Labels are such weird things. We protest being confined to them by others, and then turn around and wrap ourselves in their comforting detachment.
The world of two-wheelers and two-wheel afficiandoes is more fractured and contentious than the genres of music store. Taste in music is how adolescents define themselves and make a place for themselves in the fringes of society. Taste in two-wheelers is how kids who have spent a lot longer avoiding growing up make a place for themselves on the fringes of society.
The Harley riders sneer at anyone who rides a foreign made bike. The sport riders sneer at anyone riding a bike not engineered for maximum performance. Motorcyclists look down on scooterists. Vespa riders look down on anyone not riding an Italian scoot. Vintage Vespa riders have disdain for anyone riding a four-stroke automatic... and so on and so on.
Sure, these are gross generalizations but if you spend any time hanging out with two-wheel afficianadoes you'll realize there is a lot of truth there. Since I've been working at a shop which sells both Vespas and Triumphs, I've been thinking about these divisions a lot. Because nothing captures these conflicts more than the Mod and Rocker brawls in Britain in the late 60's. And nothing epitomizes the Mods more than Vespas, or Rockers more than Triumphs.
It should go with out saying that both Vespas and Triumphs are a lot different now than they were forty years ago. But they are still very different machines and still attract very different buyers. But as much as some folks would like to perpetuate scooterist vs. motorcyclist rivalry, I'm more interested in contemplating WHY someone would choose to ride a scooter over a motorcycle.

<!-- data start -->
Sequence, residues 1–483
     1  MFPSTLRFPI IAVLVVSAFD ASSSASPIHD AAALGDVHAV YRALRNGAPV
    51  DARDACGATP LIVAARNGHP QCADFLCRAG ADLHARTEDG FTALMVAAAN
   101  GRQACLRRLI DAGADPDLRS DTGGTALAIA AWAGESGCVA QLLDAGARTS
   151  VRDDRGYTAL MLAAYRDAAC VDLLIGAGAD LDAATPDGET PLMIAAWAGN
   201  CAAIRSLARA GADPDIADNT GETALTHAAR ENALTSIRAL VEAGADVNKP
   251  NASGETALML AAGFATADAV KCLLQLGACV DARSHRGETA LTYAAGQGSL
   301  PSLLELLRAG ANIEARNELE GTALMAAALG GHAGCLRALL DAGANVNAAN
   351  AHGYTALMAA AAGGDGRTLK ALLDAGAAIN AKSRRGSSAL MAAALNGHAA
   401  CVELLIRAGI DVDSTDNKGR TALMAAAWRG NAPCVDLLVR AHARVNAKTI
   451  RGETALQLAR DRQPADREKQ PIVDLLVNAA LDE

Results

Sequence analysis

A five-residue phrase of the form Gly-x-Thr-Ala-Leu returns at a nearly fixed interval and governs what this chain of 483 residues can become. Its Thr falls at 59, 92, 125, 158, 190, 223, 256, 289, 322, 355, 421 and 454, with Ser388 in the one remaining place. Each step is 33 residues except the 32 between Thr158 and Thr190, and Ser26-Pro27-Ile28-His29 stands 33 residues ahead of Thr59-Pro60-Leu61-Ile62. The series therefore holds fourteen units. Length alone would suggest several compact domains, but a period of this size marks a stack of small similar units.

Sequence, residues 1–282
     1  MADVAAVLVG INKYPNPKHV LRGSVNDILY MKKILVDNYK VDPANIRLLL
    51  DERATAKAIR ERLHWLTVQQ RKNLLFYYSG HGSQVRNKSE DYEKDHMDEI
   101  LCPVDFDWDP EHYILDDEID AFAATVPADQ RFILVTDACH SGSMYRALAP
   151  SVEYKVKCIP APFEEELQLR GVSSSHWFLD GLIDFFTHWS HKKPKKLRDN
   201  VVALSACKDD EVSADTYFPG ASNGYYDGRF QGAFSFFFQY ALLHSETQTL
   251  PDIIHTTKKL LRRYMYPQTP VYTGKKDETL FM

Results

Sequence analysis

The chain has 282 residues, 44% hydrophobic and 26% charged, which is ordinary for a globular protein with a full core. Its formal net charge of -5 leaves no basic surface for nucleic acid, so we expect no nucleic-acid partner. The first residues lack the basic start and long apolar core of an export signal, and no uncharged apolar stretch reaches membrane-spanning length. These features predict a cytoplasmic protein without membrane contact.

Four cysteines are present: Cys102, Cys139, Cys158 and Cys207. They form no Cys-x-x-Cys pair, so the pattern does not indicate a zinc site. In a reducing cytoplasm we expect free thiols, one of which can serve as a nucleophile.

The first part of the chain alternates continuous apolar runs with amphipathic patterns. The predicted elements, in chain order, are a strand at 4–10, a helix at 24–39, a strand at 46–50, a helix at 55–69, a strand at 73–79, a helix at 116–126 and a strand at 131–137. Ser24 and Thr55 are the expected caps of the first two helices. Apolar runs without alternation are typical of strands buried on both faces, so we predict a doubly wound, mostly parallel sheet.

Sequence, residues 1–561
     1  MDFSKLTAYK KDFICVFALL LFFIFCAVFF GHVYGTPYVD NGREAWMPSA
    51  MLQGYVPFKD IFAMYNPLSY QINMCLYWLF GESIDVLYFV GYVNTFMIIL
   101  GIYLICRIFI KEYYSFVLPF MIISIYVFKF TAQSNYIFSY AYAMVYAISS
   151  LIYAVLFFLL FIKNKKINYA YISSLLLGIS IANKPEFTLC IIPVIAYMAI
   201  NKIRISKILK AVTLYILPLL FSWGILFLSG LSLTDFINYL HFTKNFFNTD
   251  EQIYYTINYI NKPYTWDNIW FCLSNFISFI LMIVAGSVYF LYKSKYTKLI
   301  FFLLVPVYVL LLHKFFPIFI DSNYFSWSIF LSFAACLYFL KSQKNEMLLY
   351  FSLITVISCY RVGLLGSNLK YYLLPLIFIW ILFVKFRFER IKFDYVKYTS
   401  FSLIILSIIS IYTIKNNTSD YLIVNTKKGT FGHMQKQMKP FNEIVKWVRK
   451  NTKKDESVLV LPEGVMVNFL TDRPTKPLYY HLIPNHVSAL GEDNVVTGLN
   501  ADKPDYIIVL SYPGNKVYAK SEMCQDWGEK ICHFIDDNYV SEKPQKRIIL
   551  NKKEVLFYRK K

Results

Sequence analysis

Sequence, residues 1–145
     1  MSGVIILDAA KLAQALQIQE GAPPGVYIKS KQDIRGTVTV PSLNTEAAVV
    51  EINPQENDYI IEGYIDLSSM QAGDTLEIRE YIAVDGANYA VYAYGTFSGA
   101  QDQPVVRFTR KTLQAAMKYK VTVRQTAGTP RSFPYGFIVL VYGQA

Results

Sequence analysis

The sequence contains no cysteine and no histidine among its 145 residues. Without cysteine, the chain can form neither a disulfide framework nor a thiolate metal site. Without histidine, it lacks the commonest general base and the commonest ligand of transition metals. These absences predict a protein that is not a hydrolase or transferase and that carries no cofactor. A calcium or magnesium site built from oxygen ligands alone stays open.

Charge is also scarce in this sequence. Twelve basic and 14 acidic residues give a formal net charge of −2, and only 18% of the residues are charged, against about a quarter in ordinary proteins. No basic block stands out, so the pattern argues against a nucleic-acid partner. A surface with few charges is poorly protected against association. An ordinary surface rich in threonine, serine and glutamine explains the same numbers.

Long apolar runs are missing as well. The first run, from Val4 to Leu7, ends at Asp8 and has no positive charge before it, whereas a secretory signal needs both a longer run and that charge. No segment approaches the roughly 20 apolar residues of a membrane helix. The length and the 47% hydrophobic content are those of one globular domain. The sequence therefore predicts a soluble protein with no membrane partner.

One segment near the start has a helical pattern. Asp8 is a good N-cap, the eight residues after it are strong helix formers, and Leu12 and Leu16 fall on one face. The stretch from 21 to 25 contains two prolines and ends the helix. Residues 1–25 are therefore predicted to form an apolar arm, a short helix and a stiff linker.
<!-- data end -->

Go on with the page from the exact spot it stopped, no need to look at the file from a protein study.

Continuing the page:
Both scooters and motorcycles have a cachet as fashion accessories, as a kind of lifestyle statement, but I'm not interested in that, except for how it might illuminate the underlying usage. While a lot of people are drawn to both as lifestyle accessories, basically as toys, I think in reality more folks buy scooters for practical transportation reasons than motorcycles. This is becoming even more true, as the constant "born to be mild" news stories remind us, as gas prices rise, but there are practical advantages to scooters beyond just mpg's.
For the kind of personal transportation the average person needs on a daily basis, scooters are superior to any other mode of transport. Mostly we just need a means of commuting, through a mix of suburban and urban environments. While motorcycles and scooters both perform admirably in the suburban setting of strip malls and chain restaurants, scooters really come into their own in residential areas and urban gridlock. In zones where the speed limit is 45 mph or less, and traffic is stop-and-go, a motorcycle is overkill, and shifting gears diminishes the riding experience rather than adding to it. Even many two-stroke manual shift scootering die-hards are starting to come on board the automatic bandwagon for just this reason.
On top of this is the fact that scooters, with their smaller wheels, and shorter wheel-base, as well as lighter weight, and lower center of gravity, are easier to operate at low speeds. They are also more nimble, and easier to muscle around without power. In a very real sense from an operator's view point, a scooter is more friendly than a motorcycle.
One perceived difference between scooters and motorcycles which I'd like to dispute, is the need for protective gear. Many folks seem to think that riding a scooter is somehow less dangerous than riding a motorcyle, But at 40 mph, not to mention 60, the asphalt doesn't care if you are falling off a Vespa or a Harley. And since most accidents happen at 35 mph or less and within 5 miles of home, "all the gear, all the time" or ATGATT should be every rider's mantra. This means at the very least, a helmet, eye protection, gloves, an abrasion resistant jacket and pants, and shoes/boots with ankle protection and good grip on road surfaces. I'll discuss the differences (mostly aesthetic) between scootering and motorcyling gear in a later post.